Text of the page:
At 30 Years Old, The Hubble Space Telescope is Working Better Than Ever

Published on April 26, 2020

On April 24th, 1990, humanity and their understanding of their place in the universe, was forever changed. On that day, 30 years ago, the Hubble Space Telescope was launched.

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For the last three decades, silently, 568 km (353 miles) above the Earth’s surface, the Hubble Space Telescope has been staring into the void. It’s been gathering photons, that many eons ago, were either produced or reflected by various astronomical points of interest.

These things include, but are not limited to, moons, asteroids, galaxies, nebula, planets, and stars. Hubble’s portfolio is impressive. The orbiting space telescope has managed to gather almost 1.5 million images of the universe around us.

Hubble Just Had it’s 30th Birthday

NASA is celebrating Hubble’s 30th birthday with a commemorative picture.
It’s most recent masterpiece, which was taken earlier this year, showcases stars being born in the Large Magellanic Cloud. This cloud is actually a small galaxy that is orbiting our own. The stars that can been seen in the middle of the photograph are at least 10 times larger than the sun.

Twinkle-Twinkle Little Star

Hubble has single-handedly transformed astronomy. You see, when you’re on Earth’s surface, anything you see in the sky is distorted by movements in the upper atmosphere.

This is why the stars ‘twinkle’. As the light from those distant objects passes through the 100 km (62 miles) of air above you, their image gets swirled about and shifted in random, unpredictable ways. Having a point of view that is outside Earth’s turbulent atmosphere completely eliminates this distorting effect. Because of this, Hubble has been able to peer deeply into space and time.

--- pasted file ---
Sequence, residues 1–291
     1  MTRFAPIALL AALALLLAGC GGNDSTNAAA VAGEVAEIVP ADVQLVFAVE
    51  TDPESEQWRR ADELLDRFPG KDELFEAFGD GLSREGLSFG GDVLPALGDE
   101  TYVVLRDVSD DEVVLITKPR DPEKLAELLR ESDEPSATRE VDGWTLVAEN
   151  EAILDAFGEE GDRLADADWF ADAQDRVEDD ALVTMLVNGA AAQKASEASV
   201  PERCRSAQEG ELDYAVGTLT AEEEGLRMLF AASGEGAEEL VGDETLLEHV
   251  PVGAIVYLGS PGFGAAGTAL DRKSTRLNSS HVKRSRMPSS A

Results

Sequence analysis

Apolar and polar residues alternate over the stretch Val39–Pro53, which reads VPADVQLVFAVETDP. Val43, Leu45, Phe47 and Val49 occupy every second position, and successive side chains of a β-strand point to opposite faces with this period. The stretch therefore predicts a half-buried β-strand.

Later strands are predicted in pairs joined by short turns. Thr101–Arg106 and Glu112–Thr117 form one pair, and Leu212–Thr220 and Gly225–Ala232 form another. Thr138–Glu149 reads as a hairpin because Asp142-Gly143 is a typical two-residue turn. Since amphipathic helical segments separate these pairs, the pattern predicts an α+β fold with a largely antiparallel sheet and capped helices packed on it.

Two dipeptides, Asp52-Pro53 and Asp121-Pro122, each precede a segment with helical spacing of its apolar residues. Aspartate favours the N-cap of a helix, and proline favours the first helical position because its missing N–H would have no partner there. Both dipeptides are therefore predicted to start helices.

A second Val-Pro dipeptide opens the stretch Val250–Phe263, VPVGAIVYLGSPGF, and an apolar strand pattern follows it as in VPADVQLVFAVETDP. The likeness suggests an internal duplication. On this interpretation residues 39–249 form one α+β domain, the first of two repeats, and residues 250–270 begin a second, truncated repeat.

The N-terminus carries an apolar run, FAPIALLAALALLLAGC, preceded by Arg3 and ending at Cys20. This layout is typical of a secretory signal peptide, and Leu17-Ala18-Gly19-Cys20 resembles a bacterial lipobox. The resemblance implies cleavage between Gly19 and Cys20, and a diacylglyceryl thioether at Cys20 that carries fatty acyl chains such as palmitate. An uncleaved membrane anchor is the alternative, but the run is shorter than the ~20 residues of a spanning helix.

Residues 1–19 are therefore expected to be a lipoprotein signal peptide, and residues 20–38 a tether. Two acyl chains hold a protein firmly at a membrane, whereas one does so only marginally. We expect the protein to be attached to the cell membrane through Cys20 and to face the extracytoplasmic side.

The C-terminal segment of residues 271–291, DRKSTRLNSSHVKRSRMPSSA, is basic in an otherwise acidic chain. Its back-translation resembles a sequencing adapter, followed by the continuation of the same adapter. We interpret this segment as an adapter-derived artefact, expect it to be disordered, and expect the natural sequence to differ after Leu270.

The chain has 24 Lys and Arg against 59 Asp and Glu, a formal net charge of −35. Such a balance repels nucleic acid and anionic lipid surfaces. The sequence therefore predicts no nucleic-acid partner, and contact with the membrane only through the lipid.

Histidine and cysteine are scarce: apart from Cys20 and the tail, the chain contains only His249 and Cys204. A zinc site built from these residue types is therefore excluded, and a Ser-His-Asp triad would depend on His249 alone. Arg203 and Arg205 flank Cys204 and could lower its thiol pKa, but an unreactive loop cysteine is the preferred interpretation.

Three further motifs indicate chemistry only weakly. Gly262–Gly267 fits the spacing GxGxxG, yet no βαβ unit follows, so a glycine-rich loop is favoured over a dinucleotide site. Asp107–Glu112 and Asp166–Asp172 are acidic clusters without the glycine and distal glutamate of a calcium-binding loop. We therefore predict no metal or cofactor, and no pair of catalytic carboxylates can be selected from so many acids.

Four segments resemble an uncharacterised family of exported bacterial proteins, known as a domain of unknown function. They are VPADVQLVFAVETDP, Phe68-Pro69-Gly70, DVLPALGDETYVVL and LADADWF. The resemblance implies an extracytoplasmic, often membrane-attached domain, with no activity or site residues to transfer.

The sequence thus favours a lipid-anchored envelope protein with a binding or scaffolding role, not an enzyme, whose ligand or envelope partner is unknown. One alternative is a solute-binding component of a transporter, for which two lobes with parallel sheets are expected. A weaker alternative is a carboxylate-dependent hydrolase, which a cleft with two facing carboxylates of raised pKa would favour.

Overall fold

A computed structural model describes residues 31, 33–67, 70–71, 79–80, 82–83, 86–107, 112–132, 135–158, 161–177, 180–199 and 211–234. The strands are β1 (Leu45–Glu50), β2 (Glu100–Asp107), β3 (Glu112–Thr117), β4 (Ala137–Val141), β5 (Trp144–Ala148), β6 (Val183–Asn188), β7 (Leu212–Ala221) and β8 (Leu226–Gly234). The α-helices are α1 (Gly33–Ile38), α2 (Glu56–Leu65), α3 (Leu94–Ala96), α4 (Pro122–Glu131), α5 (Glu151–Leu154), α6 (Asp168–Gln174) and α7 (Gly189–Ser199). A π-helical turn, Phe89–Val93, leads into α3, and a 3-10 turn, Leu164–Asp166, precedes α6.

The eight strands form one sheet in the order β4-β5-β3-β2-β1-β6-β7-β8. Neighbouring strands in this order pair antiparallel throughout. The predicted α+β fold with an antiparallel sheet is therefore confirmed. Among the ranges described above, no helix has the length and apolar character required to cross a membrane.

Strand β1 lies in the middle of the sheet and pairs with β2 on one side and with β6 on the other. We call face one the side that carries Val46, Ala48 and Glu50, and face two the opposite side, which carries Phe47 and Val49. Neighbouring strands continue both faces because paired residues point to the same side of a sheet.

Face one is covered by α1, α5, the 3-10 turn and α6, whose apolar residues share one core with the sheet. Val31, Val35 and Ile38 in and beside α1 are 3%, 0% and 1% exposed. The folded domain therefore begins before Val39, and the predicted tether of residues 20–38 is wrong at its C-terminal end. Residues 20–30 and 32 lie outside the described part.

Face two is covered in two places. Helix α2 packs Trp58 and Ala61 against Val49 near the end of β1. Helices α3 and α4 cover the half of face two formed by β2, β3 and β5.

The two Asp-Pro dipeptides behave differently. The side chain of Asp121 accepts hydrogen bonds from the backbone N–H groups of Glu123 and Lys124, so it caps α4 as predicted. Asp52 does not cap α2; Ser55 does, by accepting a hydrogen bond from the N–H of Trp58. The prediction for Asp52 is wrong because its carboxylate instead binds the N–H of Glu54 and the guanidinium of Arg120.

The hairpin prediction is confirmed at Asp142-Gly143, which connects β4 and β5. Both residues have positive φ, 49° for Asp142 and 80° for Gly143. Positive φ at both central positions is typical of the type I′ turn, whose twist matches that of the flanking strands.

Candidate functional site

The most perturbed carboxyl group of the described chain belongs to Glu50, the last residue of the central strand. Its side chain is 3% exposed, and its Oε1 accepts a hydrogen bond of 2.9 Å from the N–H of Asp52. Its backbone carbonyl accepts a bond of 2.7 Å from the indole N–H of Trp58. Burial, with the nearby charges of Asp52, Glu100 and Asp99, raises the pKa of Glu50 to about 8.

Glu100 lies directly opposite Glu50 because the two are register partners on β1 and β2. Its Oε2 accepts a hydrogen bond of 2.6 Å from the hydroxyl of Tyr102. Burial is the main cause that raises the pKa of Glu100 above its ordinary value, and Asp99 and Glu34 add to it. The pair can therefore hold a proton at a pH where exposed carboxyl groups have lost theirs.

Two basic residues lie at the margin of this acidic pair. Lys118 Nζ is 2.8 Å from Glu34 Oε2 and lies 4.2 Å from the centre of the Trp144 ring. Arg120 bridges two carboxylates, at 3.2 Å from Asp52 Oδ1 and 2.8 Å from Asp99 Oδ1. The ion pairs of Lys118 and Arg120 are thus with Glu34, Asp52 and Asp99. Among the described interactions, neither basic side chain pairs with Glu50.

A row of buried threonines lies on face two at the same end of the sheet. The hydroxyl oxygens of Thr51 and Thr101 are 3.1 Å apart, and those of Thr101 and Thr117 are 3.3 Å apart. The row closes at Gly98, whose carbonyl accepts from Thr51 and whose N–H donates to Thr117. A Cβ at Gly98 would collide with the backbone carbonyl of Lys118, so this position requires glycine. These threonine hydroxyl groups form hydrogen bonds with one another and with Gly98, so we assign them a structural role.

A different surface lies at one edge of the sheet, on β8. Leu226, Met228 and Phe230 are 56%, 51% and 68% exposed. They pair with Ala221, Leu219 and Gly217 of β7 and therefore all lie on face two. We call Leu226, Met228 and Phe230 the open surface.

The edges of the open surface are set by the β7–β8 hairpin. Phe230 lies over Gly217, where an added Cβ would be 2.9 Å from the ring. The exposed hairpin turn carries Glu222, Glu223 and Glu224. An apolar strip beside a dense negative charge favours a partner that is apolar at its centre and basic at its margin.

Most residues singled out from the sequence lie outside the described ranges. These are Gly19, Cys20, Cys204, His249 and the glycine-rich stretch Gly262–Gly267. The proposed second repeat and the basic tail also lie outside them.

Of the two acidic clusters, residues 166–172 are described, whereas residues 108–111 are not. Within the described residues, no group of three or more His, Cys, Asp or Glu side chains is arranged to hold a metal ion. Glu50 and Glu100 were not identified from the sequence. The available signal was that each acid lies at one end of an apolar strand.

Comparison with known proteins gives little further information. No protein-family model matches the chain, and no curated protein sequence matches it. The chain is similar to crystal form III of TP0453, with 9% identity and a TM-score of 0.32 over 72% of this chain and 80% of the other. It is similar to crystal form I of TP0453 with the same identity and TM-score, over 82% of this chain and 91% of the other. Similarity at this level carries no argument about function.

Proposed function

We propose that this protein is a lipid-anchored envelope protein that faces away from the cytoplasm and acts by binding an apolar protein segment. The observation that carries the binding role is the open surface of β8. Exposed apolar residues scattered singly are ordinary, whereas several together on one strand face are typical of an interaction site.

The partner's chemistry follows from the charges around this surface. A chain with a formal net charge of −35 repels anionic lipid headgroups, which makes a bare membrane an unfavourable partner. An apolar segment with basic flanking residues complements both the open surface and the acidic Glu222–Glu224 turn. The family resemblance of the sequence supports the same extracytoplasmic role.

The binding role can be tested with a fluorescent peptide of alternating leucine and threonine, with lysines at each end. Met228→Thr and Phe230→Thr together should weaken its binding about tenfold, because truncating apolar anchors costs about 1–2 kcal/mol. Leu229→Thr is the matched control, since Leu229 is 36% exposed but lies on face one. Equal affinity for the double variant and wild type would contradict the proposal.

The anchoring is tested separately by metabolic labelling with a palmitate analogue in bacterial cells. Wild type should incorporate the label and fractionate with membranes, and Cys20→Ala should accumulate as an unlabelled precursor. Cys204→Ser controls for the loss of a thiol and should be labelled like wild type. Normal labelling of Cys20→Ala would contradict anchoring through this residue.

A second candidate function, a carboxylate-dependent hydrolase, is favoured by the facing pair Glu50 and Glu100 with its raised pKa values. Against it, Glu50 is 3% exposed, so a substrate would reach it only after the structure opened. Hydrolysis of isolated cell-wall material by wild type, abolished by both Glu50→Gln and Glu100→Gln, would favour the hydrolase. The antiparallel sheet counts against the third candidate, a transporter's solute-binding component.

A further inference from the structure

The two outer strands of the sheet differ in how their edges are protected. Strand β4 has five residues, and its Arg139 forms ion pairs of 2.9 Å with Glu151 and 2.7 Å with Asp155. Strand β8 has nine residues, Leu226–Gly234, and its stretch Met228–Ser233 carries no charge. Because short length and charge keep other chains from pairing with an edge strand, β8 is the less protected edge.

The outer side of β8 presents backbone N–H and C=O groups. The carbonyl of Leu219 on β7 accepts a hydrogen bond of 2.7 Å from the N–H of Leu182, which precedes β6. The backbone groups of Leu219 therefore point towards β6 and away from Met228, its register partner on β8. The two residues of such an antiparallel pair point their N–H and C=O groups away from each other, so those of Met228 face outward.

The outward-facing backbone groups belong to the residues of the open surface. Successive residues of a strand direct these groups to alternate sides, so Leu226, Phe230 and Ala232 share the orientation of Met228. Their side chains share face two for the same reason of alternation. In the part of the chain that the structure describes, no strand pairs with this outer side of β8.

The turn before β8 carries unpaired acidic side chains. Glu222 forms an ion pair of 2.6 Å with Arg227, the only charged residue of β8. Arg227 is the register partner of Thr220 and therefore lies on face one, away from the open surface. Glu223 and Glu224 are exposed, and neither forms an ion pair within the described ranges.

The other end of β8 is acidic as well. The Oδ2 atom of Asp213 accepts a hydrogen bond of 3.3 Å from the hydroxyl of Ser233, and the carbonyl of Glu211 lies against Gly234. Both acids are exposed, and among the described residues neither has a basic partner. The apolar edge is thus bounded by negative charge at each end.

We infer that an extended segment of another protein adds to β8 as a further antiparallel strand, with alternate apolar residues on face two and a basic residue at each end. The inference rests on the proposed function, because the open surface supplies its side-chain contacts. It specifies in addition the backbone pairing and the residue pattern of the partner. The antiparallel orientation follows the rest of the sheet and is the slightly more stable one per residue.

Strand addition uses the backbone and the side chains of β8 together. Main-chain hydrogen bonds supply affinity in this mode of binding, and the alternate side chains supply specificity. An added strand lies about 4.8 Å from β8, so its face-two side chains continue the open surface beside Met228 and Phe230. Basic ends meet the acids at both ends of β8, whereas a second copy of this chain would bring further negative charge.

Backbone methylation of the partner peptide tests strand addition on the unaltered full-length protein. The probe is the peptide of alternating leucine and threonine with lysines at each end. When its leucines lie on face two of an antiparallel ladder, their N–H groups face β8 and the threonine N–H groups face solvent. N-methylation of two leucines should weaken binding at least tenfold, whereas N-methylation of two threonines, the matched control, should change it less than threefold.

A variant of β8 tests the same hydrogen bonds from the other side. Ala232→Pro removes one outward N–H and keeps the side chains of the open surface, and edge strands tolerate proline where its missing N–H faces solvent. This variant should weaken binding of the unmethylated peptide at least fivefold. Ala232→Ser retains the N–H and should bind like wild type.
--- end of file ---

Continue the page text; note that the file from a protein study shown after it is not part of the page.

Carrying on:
Deeper in Space = Deeper in Time

Remember, the further you look into space, the further you are looking into the past. Light’s speed is constant. Its 186,282.4 miles per second. That is very, very fast. But if you really think about it, at least on cosmic scales, it’s actually quiet slow. The closest star to us, called Proxima Centauri, is so far away that even at the speed of light, it would take over 4 years to get there.

Think about that. When you look up in the night sky and you see all those thousands and thousands of stars. Even the absolute closest one is over 4 light years away. What this means is, you are not seeing that star as it currently is. You are seeing that star as it was, 4 years ago.

Having an understanding of that really puts into perspective Hubble’s significance. It allowed us, for the first time, to be able to accurately gauge our place in the universe, in both time and space. It’s a reminder of how small we are, and more importantly, its a reminder of how briefly we have existed and just how precious our moment on this planet is.

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